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Building Houses on Shifting Sands

Wild Dingo Press

Event Date: 21 September 2017
Author / Presenters: Shen Narayanasamy & Shokoofeh Azar

Building houses on shifting sands; it has been said that 'A moral test of a society is measured by its treatment of its most vulnerable groups.'
No greater measure of our humanity is our response to asylum seekers and those seeking refuge.
The plight of asylum seekers needing refuge and support has so much political currency it has become one of the most politicised and contentious public debates. It is founded on the moral disengagement and manipulation of public opinion and the representation of people seeking asylum as 'illegals' and a 'threat' trading on public fear simply designed to dehumanise and punish those people.
We continue to treat the most vulnerable and needy with the utmost contempt and suspicion by vilifying and referring to them as a source of illegal invasion of our borders. This level of dehumanising has been used to justify the most inhumane means to keep boarders intact and 'protect' Australian citizens at all cost.
Please join us to engage with the rarely heard direct experiences of those seeking asylum and some of their most active advocates.
Our next conversation salon speakers are:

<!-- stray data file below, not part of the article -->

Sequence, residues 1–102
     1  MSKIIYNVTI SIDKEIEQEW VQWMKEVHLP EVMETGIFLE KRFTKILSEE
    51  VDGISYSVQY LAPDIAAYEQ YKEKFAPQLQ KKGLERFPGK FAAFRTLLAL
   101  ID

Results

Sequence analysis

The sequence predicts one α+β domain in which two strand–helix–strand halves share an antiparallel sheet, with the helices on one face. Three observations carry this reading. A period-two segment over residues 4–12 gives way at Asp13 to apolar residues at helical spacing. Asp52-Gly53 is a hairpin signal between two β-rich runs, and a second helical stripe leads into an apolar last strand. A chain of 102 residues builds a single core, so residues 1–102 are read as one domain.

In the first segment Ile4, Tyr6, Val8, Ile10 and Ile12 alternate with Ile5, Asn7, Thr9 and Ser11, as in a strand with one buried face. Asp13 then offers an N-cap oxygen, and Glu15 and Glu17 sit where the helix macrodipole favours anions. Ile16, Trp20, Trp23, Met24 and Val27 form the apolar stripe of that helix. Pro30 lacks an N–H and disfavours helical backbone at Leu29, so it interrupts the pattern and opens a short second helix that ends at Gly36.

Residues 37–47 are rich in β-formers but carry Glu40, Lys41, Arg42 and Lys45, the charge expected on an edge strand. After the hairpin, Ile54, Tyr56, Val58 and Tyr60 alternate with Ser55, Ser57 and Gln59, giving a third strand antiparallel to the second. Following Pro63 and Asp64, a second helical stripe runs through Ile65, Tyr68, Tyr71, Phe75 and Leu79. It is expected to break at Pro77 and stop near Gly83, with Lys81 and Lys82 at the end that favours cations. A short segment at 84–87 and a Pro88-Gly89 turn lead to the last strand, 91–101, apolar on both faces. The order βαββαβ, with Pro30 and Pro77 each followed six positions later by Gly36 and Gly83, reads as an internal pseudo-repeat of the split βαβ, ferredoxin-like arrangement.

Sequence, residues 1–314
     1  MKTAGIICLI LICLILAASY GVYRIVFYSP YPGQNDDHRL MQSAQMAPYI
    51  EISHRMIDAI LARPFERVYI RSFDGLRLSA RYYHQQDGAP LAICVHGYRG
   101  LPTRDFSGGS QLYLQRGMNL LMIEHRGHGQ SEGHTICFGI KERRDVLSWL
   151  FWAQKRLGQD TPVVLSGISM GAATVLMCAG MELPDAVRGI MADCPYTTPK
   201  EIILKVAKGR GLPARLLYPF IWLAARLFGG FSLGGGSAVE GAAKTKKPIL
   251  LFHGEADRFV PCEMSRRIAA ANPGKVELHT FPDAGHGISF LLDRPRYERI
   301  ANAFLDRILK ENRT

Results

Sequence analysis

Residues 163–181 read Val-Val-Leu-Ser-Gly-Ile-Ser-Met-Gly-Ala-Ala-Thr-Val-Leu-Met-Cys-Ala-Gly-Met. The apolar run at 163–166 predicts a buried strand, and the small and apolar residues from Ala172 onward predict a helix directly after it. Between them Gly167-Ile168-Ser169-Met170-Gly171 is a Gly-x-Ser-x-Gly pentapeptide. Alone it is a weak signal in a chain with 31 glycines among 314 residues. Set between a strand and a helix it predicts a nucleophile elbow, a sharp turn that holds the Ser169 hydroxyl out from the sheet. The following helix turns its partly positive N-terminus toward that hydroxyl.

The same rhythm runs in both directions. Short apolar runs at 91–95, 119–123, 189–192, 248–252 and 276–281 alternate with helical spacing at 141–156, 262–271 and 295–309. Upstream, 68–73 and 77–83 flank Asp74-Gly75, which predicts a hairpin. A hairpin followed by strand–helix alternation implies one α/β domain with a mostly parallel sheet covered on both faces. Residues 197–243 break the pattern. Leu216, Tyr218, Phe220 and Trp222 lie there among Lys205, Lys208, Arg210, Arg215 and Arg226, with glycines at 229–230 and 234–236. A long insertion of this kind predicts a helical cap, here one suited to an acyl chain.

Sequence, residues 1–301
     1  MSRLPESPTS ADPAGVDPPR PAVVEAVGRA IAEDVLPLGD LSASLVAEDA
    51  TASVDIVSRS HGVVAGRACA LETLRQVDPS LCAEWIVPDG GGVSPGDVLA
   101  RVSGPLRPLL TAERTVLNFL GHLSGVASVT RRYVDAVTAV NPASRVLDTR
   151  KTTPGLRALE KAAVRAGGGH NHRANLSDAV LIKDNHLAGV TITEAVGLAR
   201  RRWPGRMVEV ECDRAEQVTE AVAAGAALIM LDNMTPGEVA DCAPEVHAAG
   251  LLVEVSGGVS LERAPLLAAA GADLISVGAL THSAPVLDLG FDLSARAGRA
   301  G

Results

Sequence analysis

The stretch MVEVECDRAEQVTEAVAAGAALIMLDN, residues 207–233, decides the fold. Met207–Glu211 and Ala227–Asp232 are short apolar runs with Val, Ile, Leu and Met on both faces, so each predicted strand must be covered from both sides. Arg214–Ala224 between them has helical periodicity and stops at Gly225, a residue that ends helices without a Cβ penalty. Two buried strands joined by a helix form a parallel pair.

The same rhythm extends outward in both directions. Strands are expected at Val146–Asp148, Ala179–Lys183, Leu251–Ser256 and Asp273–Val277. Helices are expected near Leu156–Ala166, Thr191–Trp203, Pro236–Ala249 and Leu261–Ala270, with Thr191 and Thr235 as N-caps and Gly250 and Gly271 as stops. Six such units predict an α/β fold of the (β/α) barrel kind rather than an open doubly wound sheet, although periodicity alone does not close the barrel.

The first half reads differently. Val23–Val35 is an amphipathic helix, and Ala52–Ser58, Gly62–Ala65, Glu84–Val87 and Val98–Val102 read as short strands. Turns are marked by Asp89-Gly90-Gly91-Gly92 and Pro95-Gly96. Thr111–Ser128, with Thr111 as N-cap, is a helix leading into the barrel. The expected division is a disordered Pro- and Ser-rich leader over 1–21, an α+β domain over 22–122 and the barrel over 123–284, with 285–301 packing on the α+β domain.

Shen Narayanasamy is the Human Rights Campaign Director at GetUp!
She leads the No Business in Abuse campaign which targets corporate involvement in mandatory detention of asylum seekers, and #LetThemStay which aims to prevent the deportation of hundreds of asylum seekers to Nauru.
Shen's background is as human rights lawyer and advocate working in Australia and across the Asia-Pacific on issues of economic justice and land rights.

Shokoofeh Azar was seven when the Islamic revolution took place. After graduating, she worked as a journalist for independent newspapers for 14 years, writing numerous short stories and a children’s book during that time.
In 2004, she became the first Iranian woman to hitchhike along the Silk Road: from Iran to Afghanistan, Tajikistan, Kyrgyzstan, China, Pakistan and India.
As a fearless journalist, she was arrested, interrogated and jailed 3 times, the last being 3 months in isolation.In 2010, the increasing threats forced her to flee Iran, ending with her taking the dangerous boat journey to Australia where she was detained on Christmas Island and then in a Perth Detention Centre.
Her first novel to be translated into English, The Enlightenment of the Greengage Tree has just been released in Australia to great acclaim.
She is also gaining a reputation as an artist, with a number of successful exhibitions in Perth.

Join us for what will be an evening of stimulating conversation and inspiration over a sumptuous 4 course banquet.

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